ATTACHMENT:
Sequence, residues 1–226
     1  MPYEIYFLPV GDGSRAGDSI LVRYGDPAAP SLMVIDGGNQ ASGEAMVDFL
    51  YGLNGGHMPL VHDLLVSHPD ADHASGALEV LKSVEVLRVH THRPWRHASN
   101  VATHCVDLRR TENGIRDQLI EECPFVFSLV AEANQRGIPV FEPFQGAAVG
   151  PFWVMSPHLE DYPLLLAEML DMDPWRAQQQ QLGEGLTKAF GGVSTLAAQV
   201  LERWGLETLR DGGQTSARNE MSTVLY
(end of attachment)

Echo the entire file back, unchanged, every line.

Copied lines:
Sequence, residues 1–226
     1  MPYEIYFLPV GDGSRAGDSI LVRYGDPAAP SLMVIDGGNQ ASGEAMVDFL
    51  YGLNGGHMPL VHDLLVSHPD ADHASGALEV LKSVEVLRVH THRPWRHASN
   101  VATHCVDLRR TENGIRDQLI EECPFVFSLV AEANQRGIPV FEPFQGAAVG
   151  PFWVMSPHLE DYPLLLAEML DMDPWRAQQQ QLGEGLTKAF GGVSTLAAQV
   201  LERWGLETLR DGGQTSARNE MSTVLY